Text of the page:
Georgia – What’s Fair Means?

There’s a big difference about how approaching mountains. Now it’s so easy to get anywhere in the world: you can simply use an helicopter to summit almost every peak in the world. Often you can skip long walk to alpine big walls just taking a cableway. That’s why a growing group of mountaineers gives more and more importance how you get the mountains, following the Fair Means philosophy.

One year after my first wild (but comfy) experience in The Yukon, I felt to try something more adventurous. I went in norther part of Georgia,
where are big caucasian mountains. My first goal was to trek around Svaneti, touching the glaciers falling down from Ushba and Shkara, having just my tent and feet as allied.

I was impressed by the shape of this mountains, very similar to my beloved Cervino (Matterhorn) and Monte Rosa, but much bigger in size. Walking to their base expanded my confidence and intimacy with nature, seeing the landscape changing from small towns alpine meadows until rock and ice.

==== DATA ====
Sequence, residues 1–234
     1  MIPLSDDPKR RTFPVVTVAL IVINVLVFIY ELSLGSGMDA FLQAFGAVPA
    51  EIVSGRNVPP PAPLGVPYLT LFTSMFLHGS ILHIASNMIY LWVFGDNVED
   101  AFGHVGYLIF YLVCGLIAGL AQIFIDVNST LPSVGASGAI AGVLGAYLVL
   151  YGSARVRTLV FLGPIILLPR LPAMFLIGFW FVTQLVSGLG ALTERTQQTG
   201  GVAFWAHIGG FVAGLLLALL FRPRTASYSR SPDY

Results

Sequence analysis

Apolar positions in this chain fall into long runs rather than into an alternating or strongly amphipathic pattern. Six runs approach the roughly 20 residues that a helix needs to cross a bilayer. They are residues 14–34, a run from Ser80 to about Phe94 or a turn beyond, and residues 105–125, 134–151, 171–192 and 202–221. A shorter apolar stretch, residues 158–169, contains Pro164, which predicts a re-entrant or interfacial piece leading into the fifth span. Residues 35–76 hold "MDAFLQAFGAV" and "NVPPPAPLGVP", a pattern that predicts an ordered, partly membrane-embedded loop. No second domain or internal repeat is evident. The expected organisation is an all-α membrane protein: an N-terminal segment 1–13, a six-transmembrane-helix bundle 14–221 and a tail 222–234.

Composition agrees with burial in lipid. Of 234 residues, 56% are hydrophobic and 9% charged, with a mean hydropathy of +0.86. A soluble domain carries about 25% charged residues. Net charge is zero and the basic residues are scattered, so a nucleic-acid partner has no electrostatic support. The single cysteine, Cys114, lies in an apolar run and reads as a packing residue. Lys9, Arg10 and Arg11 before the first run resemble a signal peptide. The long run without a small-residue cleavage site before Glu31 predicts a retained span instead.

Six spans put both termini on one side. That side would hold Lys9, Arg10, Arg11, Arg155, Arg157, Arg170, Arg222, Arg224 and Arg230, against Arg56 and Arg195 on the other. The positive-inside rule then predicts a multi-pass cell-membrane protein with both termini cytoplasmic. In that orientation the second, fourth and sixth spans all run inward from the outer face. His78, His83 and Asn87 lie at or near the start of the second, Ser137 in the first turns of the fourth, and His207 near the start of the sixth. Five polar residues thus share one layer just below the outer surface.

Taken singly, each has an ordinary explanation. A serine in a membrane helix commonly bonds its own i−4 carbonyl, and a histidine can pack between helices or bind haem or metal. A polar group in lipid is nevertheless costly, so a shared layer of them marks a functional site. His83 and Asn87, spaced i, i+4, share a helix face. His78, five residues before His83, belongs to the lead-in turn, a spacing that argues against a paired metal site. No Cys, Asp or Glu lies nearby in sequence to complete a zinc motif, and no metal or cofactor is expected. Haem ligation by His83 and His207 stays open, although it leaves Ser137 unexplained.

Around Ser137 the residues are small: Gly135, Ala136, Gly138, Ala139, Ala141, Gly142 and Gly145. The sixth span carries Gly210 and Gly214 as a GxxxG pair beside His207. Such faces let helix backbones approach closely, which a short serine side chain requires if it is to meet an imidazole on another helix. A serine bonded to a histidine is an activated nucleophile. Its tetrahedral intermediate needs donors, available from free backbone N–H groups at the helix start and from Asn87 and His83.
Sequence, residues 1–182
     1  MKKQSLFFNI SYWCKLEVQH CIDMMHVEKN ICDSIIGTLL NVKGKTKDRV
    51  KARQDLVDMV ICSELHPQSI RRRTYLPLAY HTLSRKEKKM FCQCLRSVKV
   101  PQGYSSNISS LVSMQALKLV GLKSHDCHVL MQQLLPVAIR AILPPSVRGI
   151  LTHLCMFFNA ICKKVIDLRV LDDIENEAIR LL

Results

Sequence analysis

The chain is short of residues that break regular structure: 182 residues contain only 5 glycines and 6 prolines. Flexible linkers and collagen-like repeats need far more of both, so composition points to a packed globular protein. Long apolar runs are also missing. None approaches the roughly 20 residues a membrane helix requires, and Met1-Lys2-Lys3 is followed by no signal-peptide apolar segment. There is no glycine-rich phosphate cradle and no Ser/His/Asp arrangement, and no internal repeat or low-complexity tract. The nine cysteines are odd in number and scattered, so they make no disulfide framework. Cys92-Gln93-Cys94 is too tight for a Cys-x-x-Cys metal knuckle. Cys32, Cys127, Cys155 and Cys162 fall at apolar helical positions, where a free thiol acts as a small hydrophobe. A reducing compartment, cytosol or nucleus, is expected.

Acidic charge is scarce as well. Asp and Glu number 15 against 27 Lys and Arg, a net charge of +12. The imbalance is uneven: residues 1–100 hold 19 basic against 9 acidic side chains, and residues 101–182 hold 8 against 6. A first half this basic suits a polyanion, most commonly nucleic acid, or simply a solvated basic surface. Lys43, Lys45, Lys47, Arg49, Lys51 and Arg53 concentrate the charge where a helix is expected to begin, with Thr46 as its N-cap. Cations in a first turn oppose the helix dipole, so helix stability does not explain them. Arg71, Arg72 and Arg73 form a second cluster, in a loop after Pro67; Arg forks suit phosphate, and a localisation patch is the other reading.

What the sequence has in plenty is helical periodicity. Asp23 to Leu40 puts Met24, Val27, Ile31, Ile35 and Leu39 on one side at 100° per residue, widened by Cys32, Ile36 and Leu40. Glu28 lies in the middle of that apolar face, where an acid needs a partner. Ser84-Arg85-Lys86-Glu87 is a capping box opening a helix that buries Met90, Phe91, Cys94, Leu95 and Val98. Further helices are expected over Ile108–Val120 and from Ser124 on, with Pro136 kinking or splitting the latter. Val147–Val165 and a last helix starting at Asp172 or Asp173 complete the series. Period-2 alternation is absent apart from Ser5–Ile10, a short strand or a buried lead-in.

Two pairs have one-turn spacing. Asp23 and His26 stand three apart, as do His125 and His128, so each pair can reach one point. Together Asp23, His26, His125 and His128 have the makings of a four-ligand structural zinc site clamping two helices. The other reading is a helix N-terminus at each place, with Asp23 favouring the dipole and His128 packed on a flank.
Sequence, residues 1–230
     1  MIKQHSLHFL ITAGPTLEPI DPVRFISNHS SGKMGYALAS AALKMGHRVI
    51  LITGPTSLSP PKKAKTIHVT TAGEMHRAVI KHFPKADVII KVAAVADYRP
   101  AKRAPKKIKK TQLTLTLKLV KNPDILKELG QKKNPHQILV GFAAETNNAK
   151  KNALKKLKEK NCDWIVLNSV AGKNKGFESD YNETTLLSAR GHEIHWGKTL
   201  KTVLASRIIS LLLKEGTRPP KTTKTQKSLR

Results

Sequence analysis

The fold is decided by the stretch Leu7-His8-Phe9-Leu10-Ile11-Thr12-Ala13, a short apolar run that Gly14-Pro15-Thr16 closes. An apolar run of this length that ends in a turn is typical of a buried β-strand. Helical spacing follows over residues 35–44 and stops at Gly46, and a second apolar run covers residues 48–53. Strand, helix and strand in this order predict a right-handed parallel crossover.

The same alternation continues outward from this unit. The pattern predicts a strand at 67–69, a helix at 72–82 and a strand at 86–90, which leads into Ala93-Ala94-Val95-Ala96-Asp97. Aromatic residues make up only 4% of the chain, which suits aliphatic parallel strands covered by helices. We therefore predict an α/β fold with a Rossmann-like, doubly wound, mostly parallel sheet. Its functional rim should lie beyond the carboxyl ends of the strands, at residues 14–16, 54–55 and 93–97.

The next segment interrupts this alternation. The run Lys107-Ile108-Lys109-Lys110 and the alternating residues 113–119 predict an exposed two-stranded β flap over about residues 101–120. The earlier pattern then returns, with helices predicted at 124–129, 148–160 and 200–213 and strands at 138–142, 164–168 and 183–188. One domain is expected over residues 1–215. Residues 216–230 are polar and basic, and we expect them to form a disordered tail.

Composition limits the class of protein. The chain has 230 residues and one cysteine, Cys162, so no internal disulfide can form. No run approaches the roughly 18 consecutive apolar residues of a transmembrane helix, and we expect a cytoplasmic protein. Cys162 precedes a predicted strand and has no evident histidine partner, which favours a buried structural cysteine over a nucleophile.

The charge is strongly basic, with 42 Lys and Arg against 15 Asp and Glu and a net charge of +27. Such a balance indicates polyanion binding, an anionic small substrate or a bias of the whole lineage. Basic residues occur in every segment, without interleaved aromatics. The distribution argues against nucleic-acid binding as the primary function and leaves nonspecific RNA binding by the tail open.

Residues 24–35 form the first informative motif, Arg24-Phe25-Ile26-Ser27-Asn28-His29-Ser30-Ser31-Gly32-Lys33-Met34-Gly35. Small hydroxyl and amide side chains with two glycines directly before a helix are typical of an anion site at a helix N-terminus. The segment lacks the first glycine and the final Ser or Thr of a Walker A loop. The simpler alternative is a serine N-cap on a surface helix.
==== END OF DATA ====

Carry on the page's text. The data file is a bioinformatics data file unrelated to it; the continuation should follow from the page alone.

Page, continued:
In my second caucasian week I moved to Kazbegi, a north-eastern region where stay Kazbek, a huge volcano 5050m high. At that time, I already climbed many mountains above 4000m in the alps, but I always had a cableway taking me around 3000m, where a warm refuge was waiting me.

This time the game was different: facing this huge vulcano, my approach started at 1600m, sleeping at the basecamp 2000m higher, taking up my tent in the backpack, and after some day of acclimatization push to the summit, with an easy but long walk on the ice.

I did it: it was one of the hardest experience in my life, due to the long effort and a bad illness I got eating some wild food. And this is considered an easy summit! My route is still long, and my respect for the true mountaineers that approach hard climbs by Fair Means is growing every day I push myself to the next level.